Of all the spirits produced in the United States of America, whiskey is surely king, and no state is as closely associated with this spirit as Kentucky. The history of Kentucky whiskey stretches back to the beginnings of the 18th century, when Irish settlers in the state began distilling the corn and grains they were growing into spirits, partly as a way of using up their crops, and partly as a sweet reminder of the home they’d left behind. Over the following decades, the whiskey industry boomed, as the country as a whole developed a taste for Bourbon, and many of the distilleries we know and love today were first founded.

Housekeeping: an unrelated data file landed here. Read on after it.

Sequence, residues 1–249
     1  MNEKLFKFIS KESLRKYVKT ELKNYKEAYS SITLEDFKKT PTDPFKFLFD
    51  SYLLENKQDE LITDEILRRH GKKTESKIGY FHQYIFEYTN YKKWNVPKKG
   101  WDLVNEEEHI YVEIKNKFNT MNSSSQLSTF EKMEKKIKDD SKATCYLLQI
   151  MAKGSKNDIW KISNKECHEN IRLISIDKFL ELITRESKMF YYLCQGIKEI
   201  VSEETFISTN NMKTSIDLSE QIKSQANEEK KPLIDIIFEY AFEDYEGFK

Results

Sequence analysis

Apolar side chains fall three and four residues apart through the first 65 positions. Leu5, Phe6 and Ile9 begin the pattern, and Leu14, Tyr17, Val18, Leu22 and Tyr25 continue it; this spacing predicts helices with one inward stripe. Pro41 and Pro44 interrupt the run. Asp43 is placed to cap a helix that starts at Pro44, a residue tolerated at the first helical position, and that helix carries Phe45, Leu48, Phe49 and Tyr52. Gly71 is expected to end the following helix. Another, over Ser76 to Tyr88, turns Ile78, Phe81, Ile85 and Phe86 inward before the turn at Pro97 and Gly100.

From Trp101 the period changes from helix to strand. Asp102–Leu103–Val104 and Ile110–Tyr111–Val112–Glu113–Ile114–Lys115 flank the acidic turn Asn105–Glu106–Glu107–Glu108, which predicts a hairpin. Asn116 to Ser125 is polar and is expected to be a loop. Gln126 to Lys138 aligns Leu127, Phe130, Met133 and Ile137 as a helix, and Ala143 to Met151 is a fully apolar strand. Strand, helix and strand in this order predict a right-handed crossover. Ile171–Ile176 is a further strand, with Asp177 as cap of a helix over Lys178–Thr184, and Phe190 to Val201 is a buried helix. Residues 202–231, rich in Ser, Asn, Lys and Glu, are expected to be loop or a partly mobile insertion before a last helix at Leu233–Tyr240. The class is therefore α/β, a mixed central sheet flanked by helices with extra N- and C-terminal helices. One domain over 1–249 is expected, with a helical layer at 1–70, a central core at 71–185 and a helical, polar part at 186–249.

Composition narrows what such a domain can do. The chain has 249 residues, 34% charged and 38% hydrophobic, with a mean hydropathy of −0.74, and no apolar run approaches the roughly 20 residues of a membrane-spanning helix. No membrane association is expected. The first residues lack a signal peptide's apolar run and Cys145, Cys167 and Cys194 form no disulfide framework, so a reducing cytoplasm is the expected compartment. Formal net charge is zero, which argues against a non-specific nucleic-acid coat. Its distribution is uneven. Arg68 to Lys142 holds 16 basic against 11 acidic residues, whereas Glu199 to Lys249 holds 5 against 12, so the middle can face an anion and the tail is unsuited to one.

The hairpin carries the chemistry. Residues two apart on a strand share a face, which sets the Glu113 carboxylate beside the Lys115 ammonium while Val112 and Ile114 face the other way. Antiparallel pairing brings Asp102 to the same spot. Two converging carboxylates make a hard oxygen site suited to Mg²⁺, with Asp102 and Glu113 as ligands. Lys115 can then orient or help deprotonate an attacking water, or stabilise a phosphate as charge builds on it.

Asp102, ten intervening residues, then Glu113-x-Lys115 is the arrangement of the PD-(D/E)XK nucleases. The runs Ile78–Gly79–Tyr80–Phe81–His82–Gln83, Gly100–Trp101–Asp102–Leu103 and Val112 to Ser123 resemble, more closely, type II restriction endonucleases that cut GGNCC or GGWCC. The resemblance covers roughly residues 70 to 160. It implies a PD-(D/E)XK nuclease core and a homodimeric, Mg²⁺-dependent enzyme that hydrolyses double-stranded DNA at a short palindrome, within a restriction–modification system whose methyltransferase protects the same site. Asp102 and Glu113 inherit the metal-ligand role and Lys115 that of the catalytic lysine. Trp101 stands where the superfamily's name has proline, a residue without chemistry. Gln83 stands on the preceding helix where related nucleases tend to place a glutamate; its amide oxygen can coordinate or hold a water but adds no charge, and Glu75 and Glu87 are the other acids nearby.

Kentucky Bourbon is now very much an international spirit, enjoyed in every corner of the globe by those seeking out authenticity and originality in their whiskey. In 1968, the American Congress officially recognized Kentucky Bourbon whiskey by declaring it a ‘distinctive product of the United States’, and new laws and regulations sprung up as a way of protecting and preserving the reputation the state and the spirit enjoyed. These included the rule that Kentucky Bourbon must be aged for a minimum of two years (with many aged for a great deal longer) in white oak barrels, and contain absolutely nothing other than a fine grain mash, yeast and water.